Civil Justice Reform The Office Of Attorney General Must Not Be An Adjunct To The Plaintiff's Bar

Tuesday, February 1, 2005 - 00:00

The Editor interviews Phill Kline, Attorney General of the State of Kansas.

Editor: Please tell our readers how you view the Office of Attorney General.

Kline: The Office of Attorney General has significant authority and responsibility. The Attorney General is the state's chief law enforcement officer and also enforces the state's consumer protection laws.

These responsibilities are significant, and I engage them vigorously. It is also important, however, to recognize that a large majority of our state's enterprises provide a needed service or product to a willing consumer and that free enterprise works miracles.

Editor: How do the business enterprises in Kansas benefit the public?

Kline: Just think of the advanced technology in the American market and the numerous products designed to improve our lifestyle or health. New products and new advancements occur every day. I look at America and its free market and I see miracles: a standard of living, freedom and opportunity that is unprecedented in human history.

Editor: What do you mean by an Attorney General being an adjunct to the plaintiff's bar?

Kline: Some litigants look at our markets and see an opportunity for creative wealth redistribution through engaging in the public flogging of legitimate enterprises while pursuing dubious litigation. The goal is not necessarily to prevail in the lawsuit but to extract settlement. This is achieved by teaming with an Attorney General's office, litigating by news release, sustaining the suit long enough to initiate poor public relations results for the company with a resulting depression in stock prices. This forces the company into a settlement posture to pay to make the problem go away. You've seen it happen, and the result is increasing uncertainty in the free market.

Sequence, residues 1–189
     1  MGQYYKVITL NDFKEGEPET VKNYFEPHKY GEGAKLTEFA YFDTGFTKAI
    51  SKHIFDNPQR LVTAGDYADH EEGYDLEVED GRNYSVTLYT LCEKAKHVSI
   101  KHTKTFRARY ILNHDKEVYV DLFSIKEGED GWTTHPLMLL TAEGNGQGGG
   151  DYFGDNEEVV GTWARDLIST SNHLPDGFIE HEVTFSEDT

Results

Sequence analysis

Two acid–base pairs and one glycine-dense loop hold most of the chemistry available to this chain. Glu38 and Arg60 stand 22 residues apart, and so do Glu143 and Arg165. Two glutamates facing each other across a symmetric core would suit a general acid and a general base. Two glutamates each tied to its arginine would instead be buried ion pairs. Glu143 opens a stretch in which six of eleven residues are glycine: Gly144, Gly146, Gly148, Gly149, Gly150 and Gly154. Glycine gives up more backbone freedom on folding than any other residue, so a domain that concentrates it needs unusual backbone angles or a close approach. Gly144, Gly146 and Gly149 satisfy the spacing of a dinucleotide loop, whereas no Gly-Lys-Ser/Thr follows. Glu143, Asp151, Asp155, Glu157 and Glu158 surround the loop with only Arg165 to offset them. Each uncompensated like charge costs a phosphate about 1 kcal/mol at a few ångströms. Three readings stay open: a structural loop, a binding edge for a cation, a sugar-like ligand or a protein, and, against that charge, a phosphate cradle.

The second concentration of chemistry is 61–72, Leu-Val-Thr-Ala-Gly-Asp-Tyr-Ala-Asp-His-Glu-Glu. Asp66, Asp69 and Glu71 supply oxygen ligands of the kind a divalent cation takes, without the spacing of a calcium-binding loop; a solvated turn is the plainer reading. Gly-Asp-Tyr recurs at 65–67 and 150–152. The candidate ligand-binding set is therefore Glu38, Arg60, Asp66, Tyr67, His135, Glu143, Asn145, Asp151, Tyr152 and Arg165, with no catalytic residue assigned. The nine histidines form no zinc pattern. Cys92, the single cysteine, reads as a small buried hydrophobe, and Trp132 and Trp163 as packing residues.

Starting and sustaining a business is a risky venture. It requires a devotion of talent, time, sweat equity, creativity and capital. Most fail. Those who succeed generally provide something that is desired. America is the business capital of the world because we have been a nation that is ruled by the rule of law.

Editor: What do you view as the fundamental principles of the rule of law?

Kline: Our law was premised on principles of self-responsibility and opportunity. The law was present to correct wrongs and therefore, before recovery in a lawsuit was possible, there had to be a demonstration that the defendant did something wrong that caused a harm to the plaintiff that was measureable in economic damages.

These three pillars of jurisprudence - culpability, causation and measureable damages - promoted self-responsibility and encouraged opportunity development by preventing the arbitrary redistribution of hard-earned wealth. It also served our nation in preventing the elevation of wants to rights. When such elevation occurs, forced wealth redistribution always follows through utilizing the coercive power of the court or legislature.

Editor: What is the status of these principles?

Kline: Today, those three pillars are gone in our courtrooms. It is no longer necessary to demonstrate culpability as strict liability is increasingly the standard. Furthermore, activist judges team with headline grabbing Attorneys General to keep questionable litigation alive in order to allow legislation through the judiciary through forced mediation or settlement. The causation of damages went out the window a long time ago in legal terms, and now non-economic damages comprise the largest portion of liability exposure.

Don't get me wrong! If a company does wrong or violates the law, I'll be a bulldog. I will not, however, join the trend of press release litigation.

Over the past year I have had the honor of serving as the Chairman of the National Republican Attorneys General Association. In this position I have spoken at numerous national and regional forums about the growing danger of an activist judiciary and government servants forgetting their roles and responsibilities.

The battle being waged has high stakes. Will we have a government that protects our inherent freedoms, recognizes the importance of self-responsibility to the concept of liberty? Or, will we continue increasingly along the path of the nannyization of our courtrooms and governments with the increasing belief that we must be protected from our own decisions through judicial legislation or lawsuits that warn us not to put our hands under the lawnmower? The former preserves opportunity for our children, the latter creates an arbitrary and coercive society.